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I have made an ArrayList of type CartItem, basically it stores all the CartItems in one list.

Now once a CartItem has already been added, instead of adding the same CartItem again, it will increase its quantity by one, rather than adding the element again in the list.

public ArrayList<CartItem> Items = new ArrayList<CartItem>();
public void AddItem(int productId)
{

    CartItem newItem = new CartItem(productId);

    if (Items.equals(newItem))
    {
        System.out.println("equal");
        for (CartItem item:Items)
        {
            if (item.Equals(newItem))
            {

                item.Quantity++;
                return;
            }
       }
   }
    else
   {
        newItem.Quantity = 1;
        Items.add(newItem);
   }
}

the cartItem constructor is as follows

public CartItem(int productId) {

    this.ProductId = productId;
    this.prod = new Product(productId);
    this.Quantity =1;
}

Instead of showing, Books , 3 its showing Books 1, Books 1, Books 1

CartItem.Equals(Object) Function

public boolean Equals(CartItem item)
    {
      if(item.prod.Id == this.prod.Id)
      {
           return true;
      }
      return false;
     }
share|improve this question
3  
Without actual code, there's not much anyone can do but guess. Please post your actual code. –  Brian Roach Mar 27 '11 at 7:52
    
I have added the code –  user478636 Mar 27 '11 at 8:18
    
Show CartItem.equals() please, that's the point. –  卢声远 Shengyuan Lu Mar 27 '11 at 8:31
    
sry i have added it now –  user478636 Mar 27 '11 at 10:05
    
it still isnt working :@ –  user478636 Mar 27 '11 at 12:04

9 Answers 9

up vote 2 down vote accepted

your class ShoppingCart should be like this:

   public ShoppingCart{

        ArrayList<CartItem> Items = new ArrayList<CartItem>();

        public void AddItem(int productId)
        {
        CartItem newItem = new CartItem(productId);


            for (CartItem item:Items)
            {
                  if (item.Equal(newItem))
                  {
                    item.Quantity++;
                    return;
            }
          }


            newItem.Quantity = 1;
            Items.add(newItem);

        }
  }
share|improve this answer
    
newItem is not initialized....I have updated the code in my main post –  user478636 Mar 27 '11 at 13:36
    
@user478636, check out now. –  GuruKulki Mar 27 '11 at 13:47
    
cheers...working perfectly now...cant thank you enough –  user478636 Mar 27 '11 at 14:39

Without the code there is very little that we can do. But here are a few pointers:

  1. Override equals() and hashcode() in your CartItem class.
  2. Use generic ArrayList<CartItem> instead of the raw type.

A possible version of your required equals() methods might be:

public boolean equals(Object obj)
    {
        if (obj == null)
        {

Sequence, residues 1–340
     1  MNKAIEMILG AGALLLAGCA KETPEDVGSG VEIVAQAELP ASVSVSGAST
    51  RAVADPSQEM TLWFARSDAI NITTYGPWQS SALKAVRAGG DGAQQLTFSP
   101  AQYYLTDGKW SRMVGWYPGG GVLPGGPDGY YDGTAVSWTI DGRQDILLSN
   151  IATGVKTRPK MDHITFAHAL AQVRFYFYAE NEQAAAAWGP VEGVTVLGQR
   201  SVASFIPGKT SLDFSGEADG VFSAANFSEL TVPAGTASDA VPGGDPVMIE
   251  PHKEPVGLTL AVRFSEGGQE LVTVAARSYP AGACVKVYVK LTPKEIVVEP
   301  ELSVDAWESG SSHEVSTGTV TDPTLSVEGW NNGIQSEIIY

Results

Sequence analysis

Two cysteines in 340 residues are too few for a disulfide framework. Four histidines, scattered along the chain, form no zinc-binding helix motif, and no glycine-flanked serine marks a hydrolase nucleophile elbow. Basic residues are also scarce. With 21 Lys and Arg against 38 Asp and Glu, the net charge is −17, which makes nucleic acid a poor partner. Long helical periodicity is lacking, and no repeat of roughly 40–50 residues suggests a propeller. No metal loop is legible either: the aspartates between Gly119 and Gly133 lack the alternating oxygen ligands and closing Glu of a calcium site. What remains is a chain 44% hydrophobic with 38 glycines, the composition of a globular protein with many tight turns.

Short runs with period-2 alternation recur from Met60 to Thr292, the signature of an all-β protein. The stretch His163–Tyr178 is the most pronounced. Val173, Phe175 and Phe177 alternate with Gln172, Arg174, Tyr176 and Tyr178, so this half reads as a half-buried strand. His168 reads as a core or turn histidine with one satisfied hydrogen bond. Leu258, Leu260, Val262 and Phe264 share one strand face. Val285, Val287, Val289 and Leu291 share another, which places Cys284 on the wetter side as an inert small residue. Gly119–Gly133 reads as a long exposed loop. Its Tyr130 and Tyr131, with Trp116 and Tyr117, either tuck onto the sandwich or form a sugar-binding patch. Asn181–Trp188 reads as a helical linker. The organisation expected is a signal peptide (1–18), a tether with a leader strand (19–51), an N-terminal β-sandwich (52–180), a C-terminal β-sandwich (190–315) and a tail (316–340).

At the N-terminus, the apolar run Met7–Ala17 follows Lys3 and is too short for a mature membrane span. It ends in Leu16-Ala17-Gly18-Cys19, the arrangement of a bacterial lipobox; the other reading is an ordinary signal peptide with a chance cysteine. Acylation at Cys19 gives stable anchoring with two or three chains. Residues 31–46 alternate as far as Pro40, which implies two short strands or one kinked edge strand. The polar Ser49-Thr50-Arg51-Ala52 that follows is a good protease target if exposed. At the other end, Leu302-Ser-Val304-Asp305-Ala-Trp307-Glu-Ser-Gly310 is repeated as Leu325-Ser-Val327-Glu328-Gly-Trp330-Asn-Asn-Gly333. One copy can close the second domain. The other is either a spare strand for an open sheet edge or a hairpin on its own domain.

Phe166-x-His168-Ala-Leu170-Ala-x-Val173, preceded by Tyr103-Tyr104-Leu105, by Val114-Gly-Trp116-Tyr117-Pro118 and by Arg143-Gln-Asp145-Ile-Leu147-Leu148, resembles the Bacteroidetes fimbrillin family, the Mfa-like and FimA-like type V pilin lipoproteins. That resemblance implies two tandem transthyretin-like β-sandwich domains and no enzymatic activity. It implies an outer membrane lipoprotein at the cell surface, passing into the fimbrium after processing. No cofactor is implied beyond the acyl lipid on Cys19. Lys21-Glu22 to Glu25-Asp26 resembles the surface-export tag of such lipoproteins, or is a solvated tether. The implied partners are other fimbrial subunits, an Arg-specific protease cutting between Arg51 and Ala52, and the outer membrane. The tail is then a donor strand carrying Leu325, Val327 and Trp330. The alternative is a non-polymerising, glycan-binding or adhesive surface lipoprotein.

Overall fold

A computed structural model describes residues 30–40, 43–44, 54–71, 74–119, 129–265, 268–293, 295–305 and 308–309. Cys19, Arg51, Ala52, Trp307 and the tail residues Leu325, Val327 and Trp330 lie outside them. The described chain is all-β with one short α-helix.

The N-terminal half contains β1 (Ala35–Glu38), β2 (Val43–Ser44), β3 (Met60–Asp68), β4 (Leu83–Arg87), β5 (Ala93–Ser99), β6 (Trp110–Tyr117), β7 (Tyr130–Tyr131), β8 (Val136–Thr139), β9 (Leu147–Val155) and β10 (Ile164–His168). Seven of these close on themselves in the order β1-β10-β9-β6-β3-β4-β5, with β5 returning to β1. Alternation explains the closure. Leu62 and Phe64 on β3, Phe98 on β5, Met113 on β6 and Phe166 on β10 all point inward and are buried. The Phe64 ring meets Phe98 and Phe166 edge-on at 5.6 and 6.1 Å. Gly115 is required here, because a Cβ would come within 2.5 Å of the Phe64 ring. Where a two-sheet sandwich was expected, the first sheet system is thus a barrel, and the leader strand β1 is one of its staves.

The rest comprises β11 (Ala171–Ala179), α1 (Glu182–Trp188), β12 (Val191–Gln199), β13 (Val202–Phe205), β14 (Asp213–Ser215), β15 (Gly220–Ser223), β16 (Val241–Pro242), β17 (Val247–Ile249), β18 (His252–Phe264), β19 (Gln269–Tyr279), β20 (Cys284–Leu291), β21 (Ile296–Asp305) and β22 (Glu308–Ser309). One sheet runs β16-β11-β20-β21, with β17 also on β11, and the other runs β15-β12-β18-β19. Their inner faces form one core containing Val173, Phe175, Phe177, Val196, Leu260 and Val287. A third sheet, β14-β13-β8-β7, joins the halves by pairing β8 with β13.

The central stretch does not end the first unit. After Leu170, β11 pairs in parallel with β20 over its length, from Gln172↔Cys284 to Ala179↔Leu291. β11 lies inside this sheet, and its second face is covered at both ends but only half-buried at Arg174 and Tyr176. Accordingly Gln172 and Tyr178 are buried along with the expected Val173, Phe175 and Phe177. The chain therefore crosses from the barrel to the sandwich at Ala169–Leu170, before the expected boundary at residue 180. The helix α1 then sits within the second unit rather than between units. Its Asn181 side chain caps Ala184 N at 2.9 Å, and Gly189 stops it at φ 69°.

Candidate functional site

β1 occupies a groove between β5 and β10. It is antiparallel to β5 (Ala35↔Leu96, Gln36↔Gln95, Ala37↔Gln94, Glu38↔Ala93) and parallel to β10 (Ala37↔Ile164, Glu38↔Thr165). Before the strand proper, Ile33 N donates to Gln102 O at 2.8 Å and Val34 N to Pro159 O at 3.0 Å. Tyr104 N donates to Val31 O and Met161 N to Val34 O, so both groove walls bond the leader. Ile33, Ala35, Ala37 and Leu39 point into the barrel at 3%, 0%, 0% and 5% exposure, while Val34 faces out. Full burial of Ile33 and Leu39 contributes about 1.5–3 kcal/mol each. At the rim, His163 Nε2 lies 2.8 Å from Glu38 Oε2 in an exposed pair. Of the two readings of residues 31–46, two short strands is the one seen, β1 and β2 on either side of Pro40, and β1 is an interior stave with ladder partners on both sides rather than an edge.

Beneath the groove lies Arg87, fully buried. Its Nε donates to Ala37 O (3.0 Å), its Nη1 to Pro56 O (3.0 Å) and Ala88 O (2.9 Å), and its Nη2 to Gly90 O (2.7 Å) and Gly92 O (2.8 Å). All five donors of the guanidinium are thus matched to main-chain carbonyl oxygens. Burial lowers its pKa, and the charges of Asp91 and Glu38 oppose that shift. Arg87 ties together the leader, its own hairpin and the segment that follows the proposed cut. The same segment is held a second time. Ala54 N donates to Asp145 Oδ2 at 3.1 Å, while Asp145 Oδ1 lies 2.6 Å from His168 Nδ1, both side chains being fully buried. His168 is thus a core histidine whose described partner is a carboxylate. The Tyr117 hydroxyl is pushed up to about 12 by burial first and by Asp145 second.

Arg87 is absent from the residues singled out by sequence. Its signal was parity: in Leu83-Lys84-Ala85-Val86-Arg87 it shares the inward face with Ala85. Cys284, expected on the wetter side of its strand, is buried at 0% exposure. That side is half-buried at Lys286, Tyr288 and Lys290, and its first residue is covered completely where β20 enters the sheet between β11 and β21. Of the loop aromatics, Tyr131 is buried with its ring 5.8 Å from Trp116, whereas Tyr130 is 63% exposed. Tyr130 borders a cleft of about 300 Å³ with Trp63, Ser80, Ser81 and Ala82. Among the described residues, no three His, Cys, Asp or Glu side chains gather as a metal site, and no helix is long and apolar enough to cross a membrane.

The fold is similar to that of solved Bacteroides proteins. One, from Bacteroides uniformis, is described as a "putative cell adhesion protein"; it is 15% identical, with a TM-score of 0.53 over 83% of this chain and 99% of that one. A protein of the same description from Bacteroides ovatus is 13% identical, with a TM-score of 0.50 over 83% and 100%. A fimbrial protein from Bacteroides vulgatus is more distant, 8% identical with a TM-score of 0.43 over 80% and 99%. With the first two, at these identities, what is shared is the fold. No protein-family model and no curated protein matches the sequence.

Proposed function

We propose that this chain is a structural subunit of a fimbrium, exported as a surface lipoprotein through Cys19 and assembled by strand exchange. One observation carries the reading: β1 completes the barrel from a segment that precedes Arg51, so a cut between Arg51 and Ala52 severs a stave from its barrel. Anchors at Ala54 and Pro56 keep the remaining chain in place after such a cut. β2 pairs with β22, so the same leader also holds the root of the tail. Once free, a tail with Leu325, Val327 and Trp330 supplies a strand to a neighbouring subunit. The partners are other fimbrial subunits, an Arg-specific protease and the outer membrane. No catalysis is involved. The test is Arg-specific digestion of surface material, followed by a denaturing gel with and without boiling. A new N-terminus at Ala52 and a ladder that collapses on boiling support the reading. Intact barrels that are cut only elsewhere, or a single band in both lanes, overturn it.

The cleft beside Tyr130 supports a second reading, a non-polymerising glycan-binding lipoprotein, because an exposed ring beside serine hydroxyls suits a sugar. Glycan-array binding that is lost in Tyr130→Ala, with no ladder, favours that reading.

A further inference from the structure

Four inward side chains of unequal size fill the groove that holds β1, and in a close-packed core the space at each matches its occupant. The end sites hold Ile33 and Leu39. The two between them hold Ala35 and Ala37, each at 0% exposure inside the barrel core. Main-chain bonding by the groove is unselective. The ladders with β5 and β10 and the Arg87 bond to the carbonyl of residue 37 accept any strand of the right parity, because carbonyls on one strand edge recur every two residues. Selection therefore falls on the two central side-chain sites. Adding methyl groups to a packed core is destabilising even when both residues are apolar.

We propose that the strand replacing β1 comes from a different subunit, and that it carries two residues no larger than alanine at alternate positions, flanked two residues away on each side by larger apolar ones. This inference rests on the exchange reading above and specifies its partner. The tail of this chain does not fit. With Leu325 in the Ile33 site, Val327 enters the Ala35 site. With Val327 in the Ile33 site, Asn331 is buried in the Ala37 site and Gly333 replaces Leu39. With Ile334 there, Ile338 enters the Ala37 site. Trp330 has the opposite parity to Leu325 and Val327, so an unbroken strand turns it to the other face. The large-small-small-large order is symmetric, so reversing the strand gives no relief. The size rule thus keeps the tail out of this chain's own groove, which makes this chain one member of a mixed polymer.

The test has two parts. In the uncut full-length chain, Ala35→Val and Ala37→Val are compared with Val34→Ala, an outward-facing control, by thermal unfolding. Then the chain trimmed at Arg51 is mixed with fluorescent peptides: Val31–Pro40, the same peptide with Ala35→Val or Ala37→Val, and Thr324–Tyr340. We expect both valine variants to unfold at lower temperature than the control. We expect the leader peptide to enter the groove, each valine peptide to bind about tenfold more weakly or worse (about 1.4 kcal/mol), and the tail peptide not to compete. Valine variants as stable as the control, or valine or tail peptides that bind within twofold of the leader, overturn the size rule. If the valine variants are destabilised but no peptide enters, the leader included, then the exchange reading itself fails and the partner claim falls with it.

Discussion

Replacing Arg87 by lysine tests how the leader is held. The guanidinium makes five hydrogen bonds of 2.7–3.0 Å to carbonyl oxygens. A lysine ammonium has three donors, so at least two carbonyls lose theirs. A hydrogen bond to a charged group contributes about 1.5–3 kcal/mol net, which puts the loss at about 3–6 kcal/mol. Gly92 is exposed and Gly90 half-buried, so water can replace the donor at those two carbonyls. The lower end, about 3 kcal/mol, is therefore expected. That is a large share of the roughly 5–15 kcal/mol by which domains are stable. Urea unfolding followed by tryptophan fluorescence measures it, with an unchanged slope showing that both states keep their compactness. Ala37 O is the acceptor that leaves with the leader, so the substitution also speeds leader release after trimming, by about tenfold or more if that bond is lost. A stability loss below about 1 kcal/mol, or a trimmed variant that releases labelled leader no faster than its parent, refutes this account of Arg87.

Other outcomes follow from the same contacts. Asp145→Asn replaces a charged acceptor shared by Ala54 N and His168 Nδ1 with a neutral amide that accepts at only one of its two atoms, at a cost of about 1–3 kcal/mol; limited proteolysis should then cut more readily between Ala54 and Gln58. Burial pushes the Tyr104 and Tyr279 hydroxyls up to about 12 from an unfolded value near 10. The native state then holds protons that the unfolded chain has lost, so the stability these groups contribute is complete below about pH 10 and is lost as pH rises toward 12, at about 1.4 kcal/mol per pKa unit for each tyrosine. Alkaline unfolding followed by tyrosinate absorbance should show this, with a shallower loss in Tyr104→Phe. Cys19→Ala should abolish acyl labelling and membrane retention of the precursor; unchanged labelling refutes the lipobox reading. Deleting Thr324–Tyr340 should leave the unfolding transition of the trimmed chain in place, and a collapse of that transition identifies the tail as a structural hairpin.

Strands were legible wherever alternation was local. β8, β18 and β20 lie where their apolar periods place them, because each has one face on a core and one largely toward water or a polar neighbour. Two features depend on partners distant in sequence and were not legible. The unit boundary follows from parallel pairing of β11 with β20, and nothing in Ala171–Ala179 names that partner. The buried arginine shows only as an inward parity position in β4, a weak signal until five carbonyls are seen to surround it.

return false;
        }
        if (getClass() != obj.getClass())
        {
            return false;
        }
        final CartItem other = (CartItem) obj;

        if (this.prodID != other.prodID)
        {
            return false;
        }
        return true;
    }
share|improve this answer
2  
BTW, ArrayList is an implementation, you should use the List interface whenever possible: public List<CartItem> Items = new ArrayList<CartItem>(); . Declare and pass List and let the caller decide if he wants an ArrayList, a LinkedList or whatever... –  ymajoros Mar 27 '11 at 7:59
    
@ymajoros...Rightly said...I was talking about the implementation though...:) –  Swaranga Sarma Mar 27 '11 at 8:02
1  
I believe only proper equals() implementation is required for this particular case. hashcode() would be used only if CartItem is put into a Map. –  Arhimed Mar 27 '11 at 8:15

Look what you compare:

ArrayList<CartItem> Items = new ArrayList<CartItem>();
CartItem newItem = new CartItem(productId);
if (Items.equals(newItem))

Items (ArrayList object) is never equal newItem (CartItem object)

edited: What you should do is:

  1. Change Items.equals(newItem) to Items.contains(newItem)
  2. Your equals in CartItem is incorrect, change it to something like that:

I've kept your naming but it isn't correct :)

public boolean equal(CartItem item) {
    if (!(item instanceof CarItem)) {
        return false;
    }

    return item.itm.Id == itm.Id;
}
share|improve this answer
    
but in the CartItem constructor, i am initializing all the variables. –  user478636 Mar 27 '11 at 13:33
    
but Items is ArrayList and newItem is CartItem (different objects) so it is not equals - you have always false here –  smas Mar 27 '11 at 13:36
    
but once the newCartItem is created (in else bracked for first time), it is being added into the ArrayList. so on the second time, when the same item is being added, it should return true!!! –  user478636 Mar 27 '11 at 14:11
    
sure, I edited post with my proposition to you –  smas Mar 27 '11 at 14:18
  ArrayList<CartItem> Items = new ArrayList<CartItem>();
if (Items.equals(newItem))